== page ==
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DPT-PhD students Bailey Petersen and Stephanie Rigot receive NIH F30 awards

PITTSBURGH (May 23, 2019) … University of Pittsburgh graduate students Bailey Petersen, DPT, and Stephanie Rigot, DPT, received F30 Individual Predoctoral NRSA Fellowships from the National Institutes of Health. The award provides funding for students who are matriculated in a combined dual-doctoral degree training program and who intend to pursue careers as physician-scientists or other clinician-scientists.

Petersen and Rigot are members of the inaugural class of the Doctor of Physical Therapy/PhD in Bioengineering (DPT-PhD) dual-degree program, a unique offering that integrates clinical and research experiences in the School of Health and Rehabilitation Sciences and the Swanson School of Engineering.

“This program combines the outstanding evidence-based physical therapy education and innovative bioengineering research training that already exists at the university and builds upon synergies between faculty members of the nationally-ranked Departments of Bioengineering and Physical Therapy,” said Patrick Sparto, PT, PhD, associate professor of physical therapy and co-director of the DPT-PhD program.

Petersen works in the lab of Lee Fisher, PhD, assistant professor of physical medicine and rehabilitation, where her research aims to restore a sense of joint movement that mimics the feeling of the leg and foot for people with lower-limb amputations.

“Individuals with lower-limb amputations face a wide range of gait impairments and have a substantially higher risk of falling than the average population,” said Petersen. “This increased fall risk can be partially attributed to a lack of the sense of touch and joint movement that are crucial for maintaining balance.”

The research group uses spinal cord stimulation in the low back, which activates the nerve fibers that normally carry sensory information from the leg and foot to the brain. They use sensors to measure movement and contact pressure of the prosthetic during normal walking and stimulate the corresponding nerve fibers in real-time. 

“When the prosthetic touches the ground, we induce stimulation, and the participant feels their foot moving and touching the ground as they walk,” explained Petersen. “The aim of this project is to improve gait and balance, thereby improving the mobility and safety of people with lower-limb amputations.”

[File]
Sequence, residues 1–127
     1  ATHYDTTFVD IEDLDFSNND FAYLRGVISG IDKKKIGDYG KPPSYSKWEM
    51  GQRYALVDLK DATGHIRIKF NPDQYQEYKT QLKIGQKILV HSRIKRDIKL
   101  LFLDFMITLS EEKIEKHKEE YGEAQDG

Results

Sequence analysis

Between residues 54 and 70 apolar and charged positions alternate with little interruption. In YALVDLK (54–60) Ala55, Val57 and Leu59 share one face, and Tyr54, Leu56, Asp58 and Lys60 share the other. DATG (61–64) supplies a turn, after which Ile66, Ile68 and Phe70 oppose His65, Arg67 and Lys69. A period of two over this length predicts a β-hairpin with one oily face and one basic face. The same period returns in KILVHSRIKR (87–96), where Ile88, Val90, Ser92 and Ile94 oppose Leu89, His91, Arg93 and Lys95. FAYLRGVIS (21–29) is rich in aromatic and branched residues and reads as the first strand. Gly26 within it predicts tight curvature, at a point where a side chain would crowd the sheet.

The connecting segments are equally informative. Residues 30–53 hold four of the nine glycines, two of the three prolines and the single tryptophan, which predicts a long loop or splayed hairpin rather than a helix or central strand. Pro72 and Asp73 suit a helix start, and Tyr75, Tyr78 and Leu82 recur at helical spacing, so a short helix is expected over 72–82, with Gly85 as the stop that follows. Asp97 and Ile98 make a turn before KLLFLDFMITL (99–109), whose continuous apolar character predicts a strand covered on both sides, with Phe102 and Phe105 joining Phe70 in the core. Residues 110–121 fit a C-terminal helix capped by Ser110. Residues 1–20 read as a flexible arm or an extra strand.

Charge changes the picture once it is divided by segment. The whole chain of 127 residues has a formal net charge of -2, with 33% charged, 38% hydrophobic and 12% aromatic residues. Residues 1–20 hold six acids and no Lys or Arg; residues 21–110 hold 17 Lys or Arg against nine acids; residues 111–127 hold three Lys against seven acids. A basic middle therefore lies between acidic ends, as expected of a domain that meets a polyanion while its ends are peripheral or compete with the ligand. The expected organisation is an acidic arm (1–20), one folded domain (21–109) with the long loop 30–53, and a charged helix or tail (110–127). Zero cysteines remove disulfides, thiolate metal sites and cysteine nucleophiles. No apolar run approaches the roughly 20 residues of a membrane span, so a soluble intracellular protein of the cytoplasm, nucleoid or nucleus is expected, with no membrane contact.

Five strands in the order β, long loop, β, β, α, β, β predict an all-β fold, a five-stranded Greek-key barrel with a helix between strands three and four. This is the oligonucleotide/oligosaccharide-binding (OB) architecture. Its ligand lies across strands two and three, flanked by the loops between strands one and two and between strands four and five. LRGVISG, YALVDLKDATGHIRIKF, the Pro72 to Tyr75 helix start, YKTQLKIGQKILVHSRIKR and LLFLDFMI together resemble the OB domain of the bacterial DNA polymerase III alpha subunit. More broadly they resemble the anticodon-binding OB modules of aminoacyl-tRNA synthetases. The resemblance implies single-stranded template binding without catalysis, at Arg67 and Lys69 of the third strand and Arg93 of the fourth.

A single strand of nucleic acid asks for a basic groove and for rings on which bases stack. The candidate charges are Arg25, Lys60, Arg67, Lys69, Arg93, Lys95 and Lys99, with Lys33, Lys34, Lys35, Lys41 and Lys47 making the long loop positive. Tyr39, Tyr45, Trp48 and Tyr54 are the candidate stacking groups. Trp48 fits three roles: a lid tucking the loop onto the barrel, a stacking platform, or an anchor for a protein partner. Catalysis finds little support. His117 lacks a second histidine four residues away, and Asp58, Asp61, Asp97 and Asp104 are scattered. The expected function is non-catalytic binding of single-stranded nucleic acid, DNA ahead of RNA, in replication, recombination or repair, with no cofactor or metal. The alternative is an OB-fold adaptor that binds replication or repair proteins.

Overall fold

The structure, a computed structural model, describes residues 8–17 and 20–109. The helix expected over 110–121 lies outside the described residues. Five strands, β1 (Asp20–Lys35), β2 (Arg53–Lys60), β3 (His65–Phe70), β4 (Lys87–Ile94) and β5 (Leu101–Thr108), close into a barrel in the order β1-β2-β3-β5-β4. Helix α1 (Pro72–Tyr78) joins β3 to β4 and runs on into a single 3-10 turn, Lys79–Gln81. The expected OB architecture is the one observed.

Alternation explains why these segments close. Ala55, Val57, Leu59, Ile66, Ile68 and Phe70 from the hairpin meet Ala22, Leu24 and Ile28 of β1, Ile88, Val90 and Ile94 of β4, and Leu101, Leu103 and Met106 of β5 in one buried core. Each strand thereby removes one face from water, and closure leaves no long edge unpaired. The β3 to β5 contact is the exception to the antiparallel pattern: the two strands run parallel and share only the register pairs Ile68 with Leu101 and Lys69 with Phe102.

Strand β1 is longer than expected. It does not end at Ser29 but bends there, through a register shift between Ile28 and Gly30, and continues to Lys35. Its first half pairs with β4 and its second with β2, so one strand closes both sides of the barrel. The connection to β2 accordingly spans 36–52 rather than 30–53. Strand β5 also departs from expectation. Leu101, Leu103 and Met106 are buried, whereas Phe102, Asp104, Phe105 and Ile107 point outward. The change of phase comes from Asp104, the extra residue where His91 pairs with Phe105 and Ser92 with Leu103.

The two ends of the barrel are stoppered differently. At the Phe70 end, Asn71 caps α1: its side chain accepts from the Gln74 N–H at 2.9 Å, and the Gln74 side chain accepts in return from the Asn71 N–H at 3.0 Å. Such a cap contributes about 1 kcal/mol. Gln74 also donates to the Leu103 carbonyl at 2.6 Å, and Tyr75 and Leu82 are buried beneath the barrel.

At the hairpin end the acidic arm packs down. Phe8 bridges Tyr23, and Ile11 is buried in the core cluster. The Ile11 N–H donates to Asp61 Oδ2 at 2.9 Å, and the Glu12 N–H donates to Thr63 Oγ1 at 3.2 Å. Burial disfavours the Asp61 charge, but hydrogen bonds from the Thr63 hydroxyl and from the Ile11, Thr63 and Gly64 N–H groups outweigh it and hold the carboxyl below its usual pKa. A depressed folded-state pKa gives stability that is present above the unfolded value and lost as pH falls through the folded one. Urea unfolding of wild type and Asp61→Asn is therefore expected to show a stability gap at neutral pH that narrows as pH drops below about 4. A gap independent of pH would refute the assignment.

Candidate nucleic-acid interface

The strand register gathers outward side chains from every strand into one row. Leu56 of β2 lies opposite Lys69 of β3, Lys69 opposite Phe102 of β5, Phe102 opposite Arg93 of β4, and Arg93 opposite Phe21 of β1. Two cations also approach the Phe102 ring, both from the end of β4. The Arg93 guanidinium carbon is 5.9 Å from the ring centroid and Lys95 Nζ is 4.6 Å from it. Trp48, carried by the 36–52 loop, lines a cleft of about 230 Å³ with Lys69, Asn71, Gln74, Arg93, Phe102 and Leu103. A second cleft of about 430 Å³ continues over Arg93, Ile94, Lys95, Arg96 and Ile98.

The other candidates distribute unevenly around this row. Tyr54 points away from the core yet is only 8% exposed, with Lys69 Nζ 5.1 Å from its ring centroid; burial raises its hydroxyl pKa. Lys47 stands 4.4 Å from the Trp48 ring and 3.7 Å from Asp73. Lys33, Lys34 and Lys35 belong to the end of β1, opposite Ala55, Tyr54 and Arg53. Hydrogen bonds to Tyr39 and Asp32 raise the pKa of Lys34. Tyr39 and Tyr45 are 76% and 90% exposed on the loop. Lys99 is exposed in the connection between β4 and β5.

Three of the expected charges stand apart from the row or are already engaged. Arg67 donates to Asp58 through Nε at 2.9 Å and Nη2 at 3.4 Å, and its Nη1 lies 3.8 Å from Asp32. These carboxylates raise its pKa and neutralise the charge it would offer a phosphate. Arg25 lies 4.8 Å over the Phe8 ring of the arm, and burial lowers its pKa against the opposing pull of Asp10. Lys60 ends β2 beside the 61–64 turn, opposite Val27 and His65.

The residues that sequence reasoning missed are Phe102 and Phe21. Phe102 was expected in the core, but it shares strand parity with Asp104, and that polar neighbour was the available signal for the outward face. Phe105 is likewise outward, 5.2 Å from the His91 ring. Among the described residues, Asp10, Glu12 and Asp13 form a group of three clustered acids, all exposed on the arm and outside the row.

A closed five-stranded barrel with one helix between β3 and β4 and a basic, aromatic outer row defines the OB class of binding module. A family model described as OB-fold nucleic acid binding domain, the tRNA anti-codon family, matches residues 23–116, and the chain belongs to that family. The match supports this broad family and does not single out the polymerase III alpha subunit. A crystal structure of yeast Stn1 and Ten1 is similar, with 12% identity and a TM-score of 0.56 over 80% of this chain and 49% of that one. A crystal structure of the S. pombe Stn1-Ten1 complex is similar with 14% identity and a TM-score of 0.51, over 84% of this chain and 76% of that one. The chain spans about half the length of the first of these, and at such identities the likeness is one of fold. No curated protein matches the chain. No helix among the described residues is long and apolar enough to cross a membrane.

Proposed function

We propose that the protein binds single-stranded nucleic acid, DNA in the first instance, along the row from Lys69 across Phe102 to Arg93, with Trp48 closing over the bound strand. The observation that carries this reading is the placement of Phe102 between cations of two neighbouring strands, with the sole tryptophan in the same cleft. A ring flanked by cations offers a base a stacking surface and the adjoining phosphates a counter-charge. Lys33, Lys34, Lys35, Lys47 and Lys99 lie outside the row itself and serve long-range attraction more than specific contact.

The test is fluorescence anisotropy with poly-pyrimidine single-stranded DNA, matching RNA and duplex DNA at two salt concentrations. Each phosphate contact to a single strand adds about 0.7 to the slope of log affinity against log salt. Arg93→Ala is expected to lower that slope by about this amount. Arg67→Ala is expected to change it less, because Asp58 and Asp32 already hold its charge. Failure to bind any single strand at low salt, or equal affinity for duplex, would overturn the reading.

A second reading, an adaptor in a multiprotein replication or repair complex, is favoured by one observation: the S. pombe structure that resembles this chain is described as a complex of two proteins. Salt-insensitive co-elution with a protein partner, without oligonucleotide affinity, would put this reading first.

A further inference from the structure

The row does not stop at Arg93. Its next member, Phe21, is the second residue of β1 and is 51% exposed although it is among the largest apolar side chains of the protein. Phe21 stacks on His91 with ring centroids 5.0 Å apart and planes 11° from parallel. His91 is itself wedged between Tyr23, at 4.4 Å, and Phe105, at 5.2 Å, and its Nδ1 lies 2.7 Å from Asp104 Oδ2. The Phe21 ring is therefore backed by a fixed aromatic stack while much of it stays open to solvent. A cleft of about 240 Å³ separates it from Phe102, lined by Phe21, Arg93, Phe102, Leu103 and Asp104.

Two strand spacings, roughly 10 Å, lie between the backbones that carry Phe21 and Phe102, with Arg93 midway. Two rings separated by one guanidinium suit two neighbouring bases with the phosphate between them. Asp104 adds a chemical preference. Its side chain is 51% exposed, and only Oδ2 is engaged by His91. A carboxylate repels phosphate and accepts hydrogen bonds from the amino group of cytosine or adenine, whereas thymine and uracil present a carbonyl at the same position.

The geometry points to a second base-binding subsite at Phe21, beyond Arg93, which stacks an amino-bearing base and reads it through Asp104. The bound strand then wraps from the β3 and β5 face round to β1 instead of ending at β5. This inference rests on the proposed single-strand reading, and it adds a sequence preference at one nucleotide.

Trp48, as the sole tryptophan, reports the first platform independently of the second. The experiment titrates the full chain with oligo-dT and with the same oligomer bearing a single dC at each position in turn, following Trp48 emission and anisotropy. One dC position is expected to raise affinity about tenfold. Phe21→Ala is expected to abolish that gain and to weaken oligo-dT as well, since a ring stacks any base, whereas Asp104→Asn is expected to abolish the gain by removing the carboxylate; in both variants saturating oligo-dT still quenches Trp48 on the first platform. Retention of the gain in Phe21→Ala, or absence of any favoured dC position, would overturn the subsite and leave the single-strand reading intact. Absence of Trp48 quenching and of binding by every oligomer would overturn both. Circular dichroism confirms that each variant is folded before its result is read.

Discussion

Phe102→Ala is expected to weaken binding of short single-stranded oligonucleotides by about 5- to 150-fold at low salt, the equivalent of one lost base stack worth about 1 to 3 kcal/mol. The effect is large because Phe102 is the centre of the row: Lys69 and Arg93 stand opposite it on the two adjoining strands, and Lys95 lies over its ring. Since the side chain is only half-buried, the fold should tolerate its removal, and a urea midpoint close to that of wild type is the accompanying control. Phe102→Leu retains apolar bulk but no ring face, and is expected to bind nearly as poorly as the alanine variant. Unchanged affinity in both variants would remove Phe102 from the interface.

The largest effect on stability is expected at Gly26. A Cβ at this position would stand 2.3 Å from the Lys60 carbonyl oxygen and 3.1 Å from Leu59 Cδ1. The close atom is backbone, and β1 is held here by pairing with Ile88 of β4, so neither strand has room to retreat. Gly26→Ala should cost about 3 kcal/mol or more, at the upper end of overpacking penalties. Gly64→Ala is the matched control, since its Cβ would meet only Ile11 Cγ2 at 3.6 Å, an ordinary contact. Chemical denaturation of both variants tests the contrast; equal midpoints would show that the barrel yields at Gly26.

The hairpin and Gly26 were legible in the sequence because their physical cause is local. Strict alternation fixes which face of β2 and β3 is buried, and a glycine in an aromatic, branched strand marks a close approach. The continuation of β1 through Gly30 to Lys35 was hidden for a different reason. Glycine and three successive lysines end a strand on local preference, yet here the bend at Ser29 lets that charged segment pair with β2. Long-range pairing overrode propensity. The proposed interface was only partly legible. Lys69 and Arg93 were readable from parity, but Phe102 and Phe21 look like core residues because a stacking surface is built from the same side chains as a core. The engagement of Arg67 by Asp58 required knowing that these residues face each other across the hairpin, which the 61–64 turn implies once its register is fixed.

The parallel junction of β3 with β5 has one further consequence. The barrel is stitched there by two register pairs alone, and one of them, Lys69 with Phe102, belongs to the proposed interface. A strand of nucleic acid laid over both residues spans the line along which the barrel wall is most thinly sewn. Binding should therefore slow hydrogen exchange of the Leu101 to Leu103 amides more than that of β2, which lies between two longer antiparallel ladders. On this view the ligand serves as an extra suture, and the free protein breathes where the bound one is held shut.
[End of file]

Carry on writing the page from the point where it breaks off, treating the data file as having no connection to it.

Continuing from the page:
Rigot works in the lab of Michael Boninger, PhD, Professor and UPMC Endowed Vice Chair for Research in the Department of Physical Medicine & Rehabilitation, where she aims to develop a new measure of impairment after spinal cord injury using leg movements measured by activity monitors.

“Current testing, which is primarily measured by brute tests of strength and sensation, may not be sensitive enough to provide an accurate representation of an individual’s impairment and functional abilities,” explained Rigot. “Our new measure could be used to track an individual’s recovery over time, as well as provide a novel method to predict an individual’s long-term mobility potential using data collected soon after their spinal cord injury.”

The length of stay in inpatient rehabilitation after a spinal cord injury is decreasing, which forces clinicians to quickly make critical decisions about where to focus time in therapy to maximize an individual’s functional mobility.

Rigot plans to develop a new clinical prediction rule that would provide clinicians, individuals with spinal cord injuries, and their families with a more accurate and descriptive estimation of the individual’s future mobility. This strategy will allow patients to tailor their therapy and focus on the ideal interventions.

“If we can develop a tool to assist clinicians in determining the optimal interventions during therapy early after an injury, then we can hopefully improve the participation, quality of life, pain, and other outcomes for many of the nearly 18,000 people in the United States that experience a new spinal cord injury each year,” said Rigot.

“Bailey and Stephanie exemplify the caliber of students enrolled in this first class of the DPT-PhD program,” said Patrick Loughlin, PhD, professor of bioengineering and co-director of the program. “I’m excited to see what these students will accomplish in their future careers.”


Contact: Leah Russell